Marked or moderate early dyspnea improvement using the 7-item Likert scale was seen more often in women admitted for acute heart failure within the first 24 h, and persisted over the first 5 days. These improvements were not paralleled by the VAS-scale assessments. Similarly, general wellbeing, using the Likert scale over the first 5 days, improved significantly better in women, but this was not seen when the VAS wellbeing score was used. Other clinical outcome parameters were similar between men and women, and serelaxin was equally effective in men and women.
Dyspnea improvement by sex
Dyspnea is a complex symptom in patients with acute heart failure. Patient-reported dyspnea relief is a clinically meaningful treatment goal because persistent dyspnea is associated with adverse outcome [9, 10]. It is advocated as a patient-relevant endpoint for heart failure trials by regulatory authorities .
Therefore, our findings that women have a greater early dyspnea relief may be of clinical relevance. Although this difference could likely be explained by factors related to female sex, such as hypertension and heart failure with preserved ejection fraction (HFpEF), our multivariable analysis showed that female sex was an independent predictor of early dyspnea relief. No sex differences in dyspnea relief between men and women were found in a post hoc analysis of the PROTECT pilot study. However, patient numbers were small and no adjustments for preserved left ventricular ejection fraction were made . Comparable studies of early dyspnea relief in acute heart failure patients have not considered sex as covariate .
The underlying cause of our findings is likely multifactorial. Remarkably, more intense dyspnea relief in women occurred despite using lower total IV and oral loop diuretic doses and less weight loss through day 5 in women compared to men, and comparable drops of NT-proBNP values were seen in both sexes. These findings can be explained pathophysiologically by a typical mechanism of cardiac decompensation in women, which is frequently caused by fluid redistribution and related to the higher proportion of HFpEF and hypertension among women . In this context, the slightly higher proportion of women being treated with intravenous nitrates during the first days of treatment could have favored the faster improvement of dyspnea in women. However, the absolute numbers of patients who were treated with intravenous inotrope/vasoactive medication were relatively low and it appears unlikely that this fully explains the differential dyspnea response by sex.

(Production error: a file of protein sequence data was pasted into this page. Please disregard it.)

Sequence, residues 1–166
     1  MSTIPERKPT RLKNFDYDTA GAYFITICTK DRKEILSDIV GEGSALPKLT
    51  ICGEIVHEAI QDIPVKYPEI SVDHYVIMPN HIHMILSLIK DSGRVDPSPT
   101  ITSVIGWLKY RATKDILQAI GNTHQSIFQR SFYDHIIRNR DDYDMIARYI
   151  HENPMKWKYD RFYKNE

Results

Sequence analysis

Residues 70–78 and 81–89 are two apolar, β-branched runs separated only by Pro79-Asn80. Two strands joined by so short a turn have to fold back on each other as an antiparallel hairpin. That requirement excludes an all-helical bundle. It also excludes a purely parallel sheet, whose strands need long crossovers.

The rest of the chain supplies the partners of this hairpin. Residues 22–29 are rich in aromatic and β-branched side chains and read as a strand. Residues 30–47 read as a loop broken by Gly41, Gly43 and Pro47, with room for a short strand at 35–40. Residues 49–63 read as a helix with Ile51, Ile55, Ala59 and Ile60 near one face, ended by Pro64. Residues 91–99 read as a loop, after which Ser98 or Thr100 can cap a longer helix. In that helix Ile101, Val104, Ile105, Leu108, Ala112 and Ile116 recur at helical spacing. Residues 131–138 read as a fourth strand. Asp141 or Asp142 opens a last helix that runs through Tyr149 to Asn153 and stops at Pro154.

Theoretically, the higher rates of concomitant pulmonary disease, such as asthma, bronchitis, or COPD, in men, might have negatively affected dyspnea response in men. However, patients with relevant severity of these diseases were not included in the trial based on the exclusion criteria. Also, less diuretic treatment and less weight loss could be required in women to reach comparable outcome and better symptomatic relief. It is evidenced by trial results and registry data in acute heart failure that the overall outcome does not differ between men and women despite significantly lower diuretic doses and less absolute weight loss [3, 14]. It should be noted that all measured surrogates of congestion at baseline, such as edema, orthopnea, jugular venous pressure, dyspnea on exertion, and rales, were well balanced between men and women. Thus, it might be speculated that different symptom perception per se is responsible for the higher rates of moderate to marked dyspnea relief in women over men. Alternatively, underlying pathophysiological differences in fluid distribution may have translated to differences in symptoms. An acute cardiovascular, hypertensive type of failure has been proposed as subtype of acute heart failure . It is common in the elderly, patients with history of hypertension, and women, and is characterized by preserved left ventricular ejection fraction . In this type of heart failure, ventricular and vascular stiffness play important pathophysiological roles, with a vulnerability to any disorder of fluid balance, resulting in a rapid increase of vascular resistance, blood pressure and increased pulmonary pressure . Notably, the increase in pulmonary arterial pressure and the pulmonary capillary wedge pressure was previously identified as major determinants of dyspnea in an analysis of the hemodynamics of acute heart failure patients . Because data from community dwelling subjects have proven that women have greater aortic stiffening and lower total arterial compliance than men , it might be speculated that rapid changes of intracardiac and intrapulmonary pressures as surrogates for dyspnea depend, to a greater extent, on changes of vascular volume load in women than in men. This could explain why early vasoactive and decongestive therapy might have more intense effects in women than in men, and that this could translate into differences in perceived dyspnea relief. These effects are more likely to be pronounced early during standard treatment, when the most intense reduction of vascular resistance and ventricular afterload is usually seen in acute heart failure patients .